9 P (N) 1 P N+1. We look for the generating function χ N+1 P N+1 of the Lie transform φ N+1 which normalizes up to order N + 4 the Hamiltonian. Consider H (N+1) := H N φ N+1 and write it as follows H (N) φ N+1 = H 0 + Z (N) (3.5) + {χ N+1 ; H 0 } + P (N) 1 (3.6) + (Z (N) Φ N+1 Z (N) ) (3.7) + H 0 φ N+1 (H 0 + {χ N+1 ; H 0 }) (3.8) + (R (N) P (N) 1 ) φ N+1 (3.9) + P (N) 1 φ N+1 P (N) 1. (3.30) We use lemma 3.11 to construct χ N+1 in such a way that Z N+1 := {χ N+1, H 0 } + P (N) 1 is in normal form, and we define Z (N+1) := Z (N) + Z N+1. Then one has to prove that all the terms ( ) have a zero of order at least N + 4. This is an immediate consequence of the smoothness of each term and of remark 3.5 which ensures that each line is the remainder of a Taylor expansion (in the space variables) truncated at order N + 3. It remains to show that the estimate (.8) of the deformation holds. Denote by R N+1 a positive number such that B RN+1 U N, and remark that, by lemma 3.16, possibly reducing R N+1, one has and φ N+1 : B ρ B ρ, ρ R N+1 Define T N+1 := T N φ N+1 then one has sup B ρ x φ N+1 (x) Cρ N+. (3.31) I T N+1 = I T N φ N+1 = I T N + T N T N φ N+1 and thus, for any x B ρ with ρ small enough, we have x T N+1 (x) x T N (x) + T N (x) T N (φ N+1 (x)) from which the thesis follows. 4 Dynamics C N ρ + sup x B ρ dt N (x) sup x B ρ x φ N+1 (x) C N ρ + Cρ N+ C N+1 ρ In what follows we fix the number N of normalization steps; moreover, it is useful to distinguish between the original variables and the variables introduced 9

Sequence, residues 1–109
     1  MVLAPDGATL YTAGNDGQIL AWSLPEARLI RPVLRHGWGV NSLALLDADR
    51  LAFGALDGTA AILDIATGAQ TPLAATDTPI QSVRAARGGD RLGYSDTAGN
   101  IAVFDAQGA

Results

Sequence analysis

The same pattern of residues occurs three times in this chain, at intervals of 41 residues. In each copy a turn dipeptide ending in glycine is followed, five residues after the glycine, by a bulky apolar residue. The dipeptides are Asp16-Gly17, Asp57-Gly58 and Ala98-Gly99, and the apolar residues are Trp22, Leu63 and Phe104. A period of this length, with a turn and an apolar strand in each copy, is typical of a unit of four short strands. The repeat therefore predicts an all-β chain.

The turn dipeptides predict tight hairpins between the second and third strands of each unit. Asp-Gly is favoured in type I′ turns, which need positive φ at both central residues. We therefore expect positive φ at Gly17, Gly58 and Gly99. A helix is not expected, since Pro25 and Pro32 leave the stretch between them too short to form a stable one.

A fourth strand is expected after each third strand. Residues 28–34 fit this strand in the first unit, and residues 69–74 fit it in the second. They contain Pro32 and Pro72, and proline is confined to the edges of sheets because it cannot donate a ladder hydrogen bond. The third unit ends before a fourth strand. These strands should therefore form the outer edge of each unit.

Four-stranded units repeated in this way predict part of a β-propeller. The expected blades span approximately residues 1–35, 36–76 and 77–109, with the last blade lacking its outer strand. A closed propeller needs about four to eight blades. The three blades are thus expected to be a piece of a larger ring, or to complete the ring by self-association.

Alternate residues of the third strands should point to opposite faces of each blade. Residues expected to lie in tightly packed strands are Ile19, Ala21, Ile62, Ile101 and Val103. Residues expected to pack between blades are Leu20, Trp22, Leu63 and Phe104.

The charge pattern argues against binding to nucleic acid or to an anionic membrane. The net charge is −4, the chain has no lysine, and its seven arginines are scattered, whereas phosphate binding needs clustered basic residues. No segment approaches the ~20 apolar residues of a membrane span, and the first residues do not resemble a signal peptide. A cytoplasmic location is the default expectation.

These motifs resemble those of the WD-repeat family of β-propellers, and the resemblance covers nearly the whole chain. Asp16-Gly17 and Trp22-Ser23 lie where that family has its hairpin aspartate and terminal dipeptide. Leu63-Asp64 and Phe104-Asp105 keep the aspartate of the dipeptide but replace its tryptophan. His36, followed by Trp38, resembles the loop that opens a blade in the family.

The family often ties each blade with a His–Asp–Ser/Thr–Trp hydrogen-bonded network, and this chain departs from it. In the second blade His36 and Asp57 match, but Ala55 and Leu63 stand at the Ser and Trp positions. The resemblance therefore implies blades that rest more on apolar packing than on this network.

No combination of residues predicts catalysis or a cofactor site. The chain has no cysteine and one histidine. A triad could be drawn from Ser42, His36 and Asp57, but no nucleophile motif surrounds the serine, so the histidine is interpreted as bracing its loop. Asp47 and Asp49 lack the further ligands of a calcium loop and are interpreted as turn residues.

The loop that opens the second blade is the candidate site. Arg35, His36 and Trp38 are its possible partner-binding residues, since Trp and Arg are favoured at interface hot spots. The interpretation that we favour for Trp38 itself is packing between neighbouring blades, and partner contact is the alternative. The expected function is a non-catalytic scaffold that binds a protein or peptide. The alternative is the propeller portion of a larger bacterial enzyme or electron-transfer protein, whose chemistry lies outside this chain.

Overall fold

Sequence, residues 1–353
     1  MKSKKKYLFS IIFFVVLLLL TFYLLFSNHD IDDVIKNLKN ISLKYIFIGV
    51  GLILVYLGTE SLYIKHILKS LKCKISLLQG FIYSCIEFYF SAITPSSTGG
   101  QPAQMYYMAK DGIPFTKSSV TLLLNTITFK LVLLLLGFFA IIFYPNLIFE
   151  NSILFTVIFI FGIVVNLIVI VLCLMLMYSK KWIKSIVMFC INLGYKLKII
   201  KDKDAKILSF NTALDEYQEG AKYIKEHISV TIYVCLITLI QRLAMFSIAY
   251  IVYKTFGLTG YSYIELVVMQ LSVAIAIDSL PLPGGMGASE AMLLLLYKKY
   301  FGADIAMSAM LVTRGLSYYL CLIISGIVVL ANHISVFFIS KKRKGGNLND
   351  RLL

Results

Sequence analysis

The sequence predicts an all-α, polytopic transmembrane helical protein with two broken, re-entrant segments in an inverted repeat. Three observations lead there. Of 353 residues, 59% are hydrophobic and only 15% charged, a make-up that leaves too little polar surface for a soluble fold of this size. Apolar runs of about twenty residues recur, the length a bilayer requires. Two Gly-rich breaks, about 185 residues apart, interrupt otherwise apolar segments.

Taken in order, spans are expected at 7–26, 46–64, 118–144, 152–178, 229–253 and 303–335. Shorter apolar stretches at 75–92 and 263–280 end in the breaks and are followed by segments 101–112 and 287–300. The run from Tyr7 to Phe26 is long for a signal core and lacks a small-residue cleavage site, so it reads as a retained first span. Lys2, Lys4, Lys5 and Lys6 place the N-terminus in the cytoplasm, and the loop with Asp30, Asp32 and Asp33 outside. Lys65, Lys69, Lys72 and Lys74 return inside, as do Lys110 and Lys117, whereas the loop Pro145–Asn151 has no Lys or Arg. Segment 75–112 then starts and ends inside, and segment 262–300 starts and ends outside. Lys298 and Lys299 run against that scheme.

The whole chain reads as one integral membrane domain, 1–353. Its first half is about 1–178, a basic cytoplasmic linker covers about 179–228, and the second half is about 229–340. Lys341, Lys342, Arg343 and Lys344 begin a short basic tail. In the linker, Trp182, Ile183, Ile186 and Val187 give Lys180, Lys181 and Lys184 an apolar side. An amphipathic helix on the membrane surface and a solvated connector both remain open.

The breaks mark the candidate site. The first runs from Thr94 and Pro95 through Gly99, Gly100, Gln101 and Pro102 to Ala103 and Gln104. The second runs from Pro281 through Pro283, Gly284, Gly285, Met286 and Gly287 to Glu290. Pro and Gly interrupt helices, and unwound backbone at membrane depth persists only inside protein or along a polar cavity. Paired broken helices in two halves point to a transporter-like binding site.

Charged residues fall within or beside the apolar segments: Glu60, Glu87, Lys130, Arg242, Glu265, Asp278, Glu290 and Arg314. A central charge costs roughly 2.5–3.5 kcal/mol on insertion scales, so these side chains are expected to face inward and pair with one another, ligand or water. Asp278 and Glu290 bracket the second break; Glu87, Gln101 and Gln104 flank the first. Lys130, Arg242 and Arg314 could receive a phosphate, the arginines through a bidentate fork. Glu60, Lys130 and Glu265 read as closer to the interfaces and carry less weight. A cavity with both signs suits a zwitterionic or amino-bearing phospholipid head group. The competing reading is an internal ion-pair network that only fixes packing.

10 by the normalizing transformation. So, we denote by x = (p, q) the original variables and by x = (p, q ) the normalized variables, i.e. x = T N (x ). More generally we will denote with a prime the quantities expressed in the normalized variables. Remark 4.1. Given an initial datum x 0 consider the corresponding solution x (t), then one can use the normal form result only as long as x (t) belongs to the neighborhood U N in which the normal form holds. It follows we will use a related quantity defined as follows. Given x 0 B R we define T e (x 0, R) := inf {T = t : x(t) B R }. (4.1) Remark 4.. By the theorem of existence and uniqueness of solutions one has T e > 0. In all the interesting cases we will bound from below T e, at least for initial data in ball smaller than B R. 4.1 The general case Consider the simplified system in which the remainder is neglected, namely the system with Hamiltonian H s = H 0 + Z (N). (4.) To start with we show that integrals of motion of H s are approximatively constant along the solutions of the complete Hamiltonian (.1). Theorem 4.3. Let F be a polynomial having a zero of order k at the origin. Assume it is an integral of motion of H s, then there exists R (independent of F ) such that, if the initial datum fulfills ɛ := x 0 < R then along the corresponding solution of (.1) one has { } 1 F (t) F (0) Cɛ k+1 for t min ɛ N, T e(x 0, ɛ), (4.3) where F (t) := F (x(t)). Proof. Assume that ɛ is so small that B 3ɛ U N ; perform the normalizing transformation. Remark that for t < T e (x 0, ɛ) one has x(t) B ɛ ; by (.8) one also has x (t) B 3ɛ. In particular, provided ɛ is small enough, one has x (t) U N. Consider now F (x(t)) F (x 0 ) F (x(t)) F (x (t)) + F (x (t)) F (x 0) + F (x 0 ) F (x 0). (4.4) The first term at r.h.s. is estimated as follows F (x 0 ) F (x 0) sup x B 3ɛ df (x) x 0 x 0 Cɛ k 1 ɛ 10